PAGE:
In August 2014, Sri Lanka was severely affected by drought and in December 2014 by floods. The knowledge and skills acquired helped disaster management community committees to actively engage with the Disaster Management Centre, Government and ChildFund’s local partners, to effectively coordinate emergency response assistance. They also played a key role in ensuring the safety of the affected community.

In FY15, ChildFund’s local partners received training on conducting hazard, vulnerability and capacity assessments to support community based organisations. The capacities of local partners were strengthened on emergency preparedness and response planning to be more effective and efficient in responding to emergencies. Currently, ChildFund’s local partners are in the process of developing their own emergency preparedness plans based on the trainings and experience gained.

Child Protection

Child protection is a cross-cutting theme at ChildFund Sri Lanka and covers all three life stages. A training of trainers (TOT) was organised on child protection for community mobilisers of all local partner organisations. At the training the community mobilisers were given awareness on how to recognize child abuse, how to talk to a child who has faced abuse, the referral system in the country when reporting an abuse, the Convention on the Rights of the Child, and laws pertaining to child abuse in Sri Lanka. As a follow up, the local partners will be developing a vulnerability map for all enrolled children and they will conduct child protection trainings for partner staff, the board and village leaders.

Preliminary work has been conducted on the corporal punishment research that will be conducted with all the local partners. The national office will be conducting this research together with the National Child Protection Authority (NCPA – a government body that leads and governs child protection in the country). An initial discussion was held at the NCPA with NCPA staff, Save the Children, World Vision and a local NGO on the way forward for corporal punishment in Sri Lanka. The group has decided to meet once again to develop an action plan on corporal punishment. A research study will be part of the action plan and ChildFund will be primarily responsible for the research study.


Sri Lanka Country Field Report 2014

ChildFund Sri Lanka will be working with local partners to identify children with disabilities within their locations and develop programmes for children with disabilities through a new grant called community strengthening organisations (CSO). There will be a key informant methodology (KIM) training for all staff on identifying children with disabilities, which will be followed by a camp for the local organisations to identify the children and to give them basic medical support. This will be continued with a sustainable programme for these children through community based rehabilitation programmes.

ChildFund is also engaged in the Children with Disability-Inclusion Project for children with disabilities in the post-war northern region of Sri Lanka. The project funded by ChildFund Germany promotes community awareness and encourages children with disabilities to take social roles and responsibilities in their families and communities, and to be treated as equal members of society with equal access to health care, education and social events.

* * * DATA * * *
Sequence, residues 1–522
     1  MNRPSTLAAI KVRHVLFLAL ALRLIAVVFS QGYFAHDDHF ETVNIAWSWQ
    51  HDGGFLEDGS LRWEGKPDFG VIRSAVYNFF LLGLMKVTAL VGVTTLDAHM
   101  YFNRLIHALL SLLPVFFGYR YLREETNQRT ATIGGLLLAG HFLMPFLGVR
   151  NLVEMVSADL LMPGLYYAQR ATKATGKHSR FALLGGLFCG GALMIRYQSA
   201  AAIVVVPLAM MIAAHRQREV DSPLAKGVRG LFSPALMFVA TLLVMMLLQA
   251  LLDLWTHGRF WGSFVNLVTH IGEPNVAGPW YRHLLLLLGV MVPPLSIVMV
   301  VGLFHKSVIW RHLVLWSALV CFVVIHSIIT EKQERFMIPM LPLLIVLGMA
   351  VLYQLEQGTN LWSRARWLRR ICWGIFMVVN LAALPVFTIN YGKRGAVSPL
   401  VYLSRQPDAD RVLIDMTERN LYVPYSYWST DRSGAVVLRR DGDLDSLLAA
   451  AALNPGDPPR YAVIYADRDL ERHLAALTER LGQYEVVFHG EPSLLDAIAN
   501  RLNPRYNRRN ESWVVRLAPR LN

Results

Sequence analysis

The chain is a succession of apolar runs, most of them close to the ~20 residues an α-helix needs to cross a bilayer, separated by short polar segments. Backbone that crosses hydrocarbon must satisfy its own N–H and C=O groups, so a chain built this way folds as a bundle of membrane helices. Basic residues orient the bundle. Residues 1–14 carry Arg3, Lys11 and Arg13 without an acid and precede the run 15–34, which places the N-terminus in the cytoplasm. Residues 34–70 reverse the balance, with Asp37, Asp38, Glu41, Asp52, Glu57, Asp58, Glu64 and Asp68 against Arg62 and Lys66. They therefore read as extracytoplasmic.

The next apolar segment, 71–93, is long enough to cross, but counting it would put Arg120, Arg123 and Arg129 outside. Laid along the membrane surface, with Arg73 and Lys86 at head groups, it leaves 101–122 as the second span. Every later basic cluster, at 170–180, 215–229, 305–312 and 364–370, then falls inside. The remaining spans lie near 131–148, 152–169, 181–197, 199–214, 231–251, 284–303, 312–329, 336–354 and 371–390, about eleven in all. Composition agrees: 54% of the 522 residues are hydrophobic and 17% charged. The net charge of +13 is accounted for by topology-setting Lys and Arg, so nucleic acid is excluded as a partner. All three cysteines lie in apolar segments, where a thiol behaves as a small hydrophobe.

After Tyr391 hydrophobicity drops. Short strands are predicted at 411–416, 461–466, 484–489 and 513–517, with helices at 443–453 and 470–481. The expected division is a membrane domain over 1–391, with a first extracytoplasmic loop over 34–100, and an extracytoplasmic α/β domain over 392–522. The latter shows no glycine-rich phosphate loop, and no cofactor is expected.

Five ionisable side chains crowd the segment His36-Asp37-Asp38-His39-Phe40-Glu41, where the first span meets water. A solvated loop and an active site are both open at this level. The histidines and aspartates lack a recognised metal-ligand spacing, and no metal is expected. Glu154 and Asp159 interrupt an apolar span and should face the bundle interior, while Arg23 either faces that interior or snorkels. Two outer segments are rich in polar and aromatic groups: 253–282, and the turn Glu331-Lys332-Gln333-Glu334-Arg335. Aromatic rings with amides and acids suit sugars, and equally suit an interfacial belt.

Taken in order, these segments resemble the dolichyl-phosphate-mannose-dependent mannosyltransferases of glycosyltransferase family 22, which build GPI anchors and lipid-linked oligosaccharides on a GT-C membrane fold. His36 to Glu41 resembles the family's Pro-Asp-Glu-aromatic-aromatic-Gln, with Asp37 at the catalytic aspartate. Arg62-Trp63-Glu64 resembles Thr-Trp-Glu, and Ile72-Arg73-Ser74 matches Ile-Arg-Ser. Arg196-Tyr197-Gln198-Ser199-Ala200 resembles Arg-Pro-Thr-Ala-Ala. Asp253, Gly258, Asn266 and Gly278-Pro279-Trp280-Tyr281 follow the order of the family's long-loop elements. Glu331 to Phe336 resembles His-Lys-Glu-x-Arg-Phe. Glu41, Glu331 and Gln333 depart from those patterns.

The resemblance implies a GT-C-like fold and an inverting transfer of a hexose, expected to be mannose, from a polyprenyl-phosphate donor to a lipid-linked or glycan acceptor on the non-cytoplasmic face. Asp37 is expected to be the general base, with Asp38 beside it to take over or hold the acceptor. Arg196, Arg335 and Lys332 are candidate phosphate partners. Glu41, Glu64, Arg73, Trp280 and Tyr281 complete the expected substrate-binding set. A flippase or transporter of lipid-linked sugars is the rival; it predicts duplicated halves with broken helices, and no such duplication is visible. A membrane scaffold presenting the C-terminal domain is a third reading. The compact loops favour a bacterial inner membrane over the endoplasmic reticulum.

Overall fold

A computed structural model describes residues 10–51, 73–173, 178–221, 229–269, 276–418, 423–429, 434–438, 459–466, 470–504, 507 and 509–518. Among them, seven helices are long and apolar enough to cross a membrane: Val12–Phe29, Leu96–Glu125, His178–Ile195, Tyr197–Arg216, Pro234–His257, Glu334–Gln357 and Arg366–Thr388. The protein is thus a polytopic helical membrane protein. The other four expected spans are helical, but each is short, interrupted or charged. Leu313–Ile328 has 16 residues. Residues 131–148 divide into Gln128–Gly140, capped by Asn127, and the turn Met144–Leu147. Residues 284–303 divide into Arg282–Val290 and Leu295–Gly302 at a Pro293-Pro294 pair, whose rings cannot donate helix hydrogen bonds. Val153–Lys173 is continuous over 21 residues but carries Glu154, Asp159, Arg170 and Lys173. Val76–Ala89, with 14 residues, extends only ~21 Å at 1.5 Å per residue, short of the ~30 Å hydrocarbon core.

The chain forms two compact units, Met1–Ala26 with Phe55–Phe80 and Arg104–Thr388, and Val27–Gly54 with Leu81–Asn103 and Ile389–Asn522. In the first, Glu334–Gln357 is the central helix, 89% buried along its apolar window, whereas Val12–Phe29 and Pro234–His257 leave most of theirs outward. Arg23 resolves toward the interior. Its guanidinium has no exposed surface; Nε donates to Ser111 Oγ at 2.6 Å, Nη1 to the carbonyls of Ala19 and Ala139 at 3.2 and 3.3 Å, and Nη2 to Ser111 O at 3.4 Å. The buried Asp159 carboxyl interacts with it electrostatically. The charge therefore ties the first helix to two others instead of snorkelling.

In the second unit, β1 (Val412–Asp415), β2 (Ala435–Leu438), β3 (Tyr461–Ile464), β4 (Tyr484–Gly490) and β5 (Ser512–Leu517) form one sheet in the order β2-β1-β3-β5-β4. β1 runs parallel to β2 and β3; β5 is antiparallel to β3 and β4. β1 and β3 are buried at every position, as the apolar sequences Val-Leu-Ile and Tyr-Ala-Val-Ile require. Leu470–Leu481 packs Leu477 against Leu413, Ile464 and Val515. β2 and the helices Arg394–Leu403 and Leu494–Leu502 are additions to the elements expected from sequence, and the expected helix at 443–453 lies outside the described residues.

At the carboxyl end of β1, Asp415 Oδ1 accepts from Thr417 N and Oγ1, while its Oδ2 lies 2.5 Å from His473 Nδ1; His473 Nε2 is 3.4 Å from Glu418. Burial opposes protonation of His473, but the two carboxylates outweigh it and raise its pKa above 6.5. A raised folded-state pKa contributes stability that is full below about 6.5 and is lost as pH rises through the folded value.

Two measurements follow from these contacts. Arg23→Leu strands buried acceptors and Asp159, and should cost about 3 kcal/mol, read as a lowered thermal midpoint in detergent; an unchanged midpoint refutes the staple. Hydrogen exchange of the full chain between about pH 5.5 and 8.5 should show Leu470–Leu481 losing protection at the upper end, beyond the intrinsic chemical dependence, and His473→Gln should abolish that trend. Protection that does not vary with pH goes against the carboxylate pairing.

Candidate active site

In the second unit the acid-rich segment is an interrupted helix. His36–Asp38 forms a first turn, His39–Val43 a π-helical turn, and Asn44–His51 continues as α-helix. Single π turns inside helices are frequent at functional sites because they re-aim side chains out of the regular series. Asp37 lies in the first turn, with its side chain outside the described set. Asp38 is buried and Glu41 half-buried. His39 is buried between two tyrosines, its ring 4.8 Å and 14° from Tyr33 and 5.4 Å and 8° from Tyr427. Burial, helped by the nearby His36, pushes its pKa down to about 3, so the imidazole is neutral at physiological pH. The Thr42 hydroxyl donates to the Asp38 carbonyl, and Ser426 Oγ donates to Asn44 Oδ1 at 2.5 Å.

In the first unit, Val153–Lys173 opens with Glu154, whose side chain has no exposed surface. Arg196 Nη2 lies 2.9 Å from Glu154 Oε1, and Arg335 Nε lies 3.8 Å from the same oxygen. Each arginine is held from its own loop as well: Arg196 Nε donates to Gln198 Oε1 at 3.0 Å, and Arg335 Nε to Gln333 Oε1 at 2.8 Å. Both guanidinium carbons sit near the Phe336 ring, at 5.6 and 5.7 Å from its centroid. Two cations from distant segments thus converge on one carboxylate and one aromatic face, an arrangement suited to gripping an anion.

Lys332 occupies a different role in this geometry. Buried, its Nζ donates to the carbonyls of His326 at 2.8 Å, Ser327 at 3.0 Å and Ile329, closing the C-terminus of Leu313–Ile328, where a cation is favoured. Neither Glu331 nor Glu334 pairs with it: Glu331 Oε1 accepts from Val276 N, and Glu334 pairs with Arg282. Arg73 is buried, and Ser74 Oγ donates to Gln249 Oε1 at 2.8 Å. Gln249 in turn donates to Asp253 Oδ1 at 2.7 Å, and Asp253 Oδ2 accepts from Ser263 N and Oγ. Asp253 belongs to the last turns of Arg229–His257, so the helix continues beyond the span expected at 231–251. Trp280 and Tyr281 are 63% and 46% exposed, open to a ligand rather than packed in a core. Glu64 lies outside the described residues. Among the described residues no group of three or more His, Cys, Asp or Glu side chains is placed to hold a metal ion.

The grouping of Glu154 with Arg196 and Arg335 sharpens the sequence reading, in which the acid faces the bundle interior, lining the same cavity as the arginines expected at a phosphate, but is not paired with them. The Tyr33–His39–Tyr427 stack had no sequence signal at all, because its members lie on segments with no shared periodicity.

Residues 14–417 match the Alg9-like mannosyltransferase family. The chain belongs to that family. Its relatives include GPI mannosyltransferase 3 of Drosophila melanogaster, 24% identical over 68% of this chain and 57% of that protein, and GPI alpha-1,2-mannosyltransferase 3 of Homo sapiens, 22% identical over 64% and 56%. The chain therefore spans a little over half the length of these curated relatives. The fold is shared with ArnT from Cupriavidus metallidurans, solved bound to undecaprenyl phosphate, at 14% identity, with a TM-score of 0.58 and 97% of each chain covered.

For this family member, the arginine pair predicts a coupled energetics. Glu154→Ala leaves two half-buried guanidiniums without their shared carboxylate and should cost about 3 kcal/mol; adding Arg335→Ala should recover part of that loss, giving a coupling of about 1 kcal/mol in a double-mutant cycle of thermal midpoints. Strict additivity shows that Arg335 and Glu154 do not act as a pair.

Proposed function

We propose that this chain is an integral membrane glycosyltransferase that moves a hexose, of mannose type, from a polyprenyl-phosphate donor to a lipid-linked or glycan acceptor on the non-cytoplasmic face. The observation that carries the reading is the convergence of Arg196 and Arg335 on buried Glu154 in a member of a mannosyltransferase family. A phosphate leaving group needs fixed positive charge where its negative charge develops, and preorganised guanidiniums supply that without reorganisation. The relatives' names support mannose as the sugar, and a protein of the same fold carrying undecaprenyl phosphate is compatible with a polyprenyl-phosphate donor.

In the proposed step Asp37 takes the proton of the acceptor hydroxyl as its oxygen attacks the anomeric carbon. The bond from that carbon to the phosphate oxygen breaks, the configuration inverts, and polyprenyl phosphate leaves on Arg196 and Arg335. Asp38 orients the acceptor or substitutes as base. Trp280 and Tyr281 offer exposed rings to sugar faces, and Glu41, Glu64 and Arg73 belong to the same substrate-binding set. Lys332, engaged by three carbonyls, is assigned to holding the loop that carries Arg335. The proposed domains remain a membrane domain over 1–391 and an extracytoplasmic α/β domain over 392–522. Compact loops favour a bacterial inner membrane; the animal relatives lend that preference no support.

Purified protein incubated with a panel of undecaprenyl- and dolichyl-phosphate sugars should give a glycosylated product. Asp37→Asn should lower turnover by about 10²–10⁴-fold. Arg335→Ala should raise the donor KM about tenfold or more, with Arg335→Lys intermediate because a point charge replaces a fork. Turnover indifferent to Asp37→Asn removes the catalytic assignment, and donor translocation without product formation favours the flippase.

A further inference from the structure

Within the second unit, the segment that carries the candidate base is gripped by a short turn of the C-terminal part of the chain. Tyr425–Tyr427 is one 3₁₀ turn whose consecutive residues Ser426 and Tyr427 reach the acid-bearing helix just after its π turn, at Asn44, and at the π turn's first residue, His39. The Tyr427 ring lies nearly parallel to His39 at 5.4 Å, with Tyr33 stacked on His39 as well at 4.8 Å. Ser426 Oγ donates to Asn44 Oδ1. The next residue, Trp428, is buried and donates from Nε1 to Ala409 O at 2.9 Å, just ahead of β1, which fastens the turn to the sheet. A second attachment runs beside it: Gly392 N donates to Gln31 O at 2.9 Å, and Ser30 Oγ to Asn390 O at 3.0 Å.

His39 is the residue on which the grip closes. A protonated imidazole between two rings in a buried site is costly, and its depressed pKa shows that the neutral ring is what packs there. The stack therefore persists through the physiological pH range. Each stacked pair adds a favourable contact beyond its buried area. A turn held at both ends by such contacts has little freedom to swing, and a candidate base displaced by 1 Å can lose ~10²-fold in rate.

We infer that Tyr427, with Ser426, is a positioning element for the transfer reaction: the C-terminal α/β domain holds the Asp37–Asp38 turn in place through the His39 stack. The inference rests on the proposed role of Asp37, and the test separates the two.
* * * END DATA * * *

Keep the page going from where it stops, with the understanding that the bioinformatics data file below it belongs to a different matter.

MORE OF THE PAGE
Batticaloa is comprised largely of agriculture and fisheries based community. It is one of five dedicated partner project areas supported by ChildFund New Zealand. Currently New Zealanders sponsor around 1,000 children in the area; regular funds are used to address issues relating to water, early childhood education and nutritional assistance. In addition, a public fundraising appeal is funding a teacher training project to increase the quality of education in the area. The project focuses on community development and aims at community self-sustenance in the long term.

Through the Livelihood project, ChildFund Sri Lanka together with its partner works towards sustainable economic growth and human development activities that contribute to improved sustainable economic development. Project activities include: Income generating initiatives; small and medium business development; microfinance services; support to improve production and/or marketing of goods and services. Sectors receiving assistance include agriculture, horticulture and fisheries.

The project benefits 3,000 vulnerable families in Batticaloa and is part of a holistic approach to community development.


Children with Disability-Inclusion in the North of Sri Lanka project, is located in the coastal district of Mullaitivu. It focuses on helping children with disabilities to take social roles and responsibilities in their families and communities, and to be treated as equal members of society with equal access to health care, and education. The project serves communities in the Puthukkudiyiruppu and Maritimepattu divisions in the Mullaitivu District.

Based on the idea that empowerment and inclusion of children with disabilities is best fostered through community-based rehabilitation, this initiative uses a multi-sectoral strategy for community awareness, access to health, education services and social events as well as improving the accessibility to their build environment at home and in schools.

The project addresses the gaps to equal inclusion and participation for at least 330 children with disabilities below the age of 15 and around 330 caregivers in these two divisions which were also the most affected during the final months of the 30 year war. To promote children with disabilities to take social roles and responsibilities and to create an inclusive environment, the project works to:

  • Improve physical infrastructure through the construction of two community clinics;
  • Support community-based rehabilitation and access to health care, (screening, diagnosis, counselling, physical rehabilitation, assistive devices), education and engagement in social events;
  • Improve home-based care through accessible sanitation for 100 families;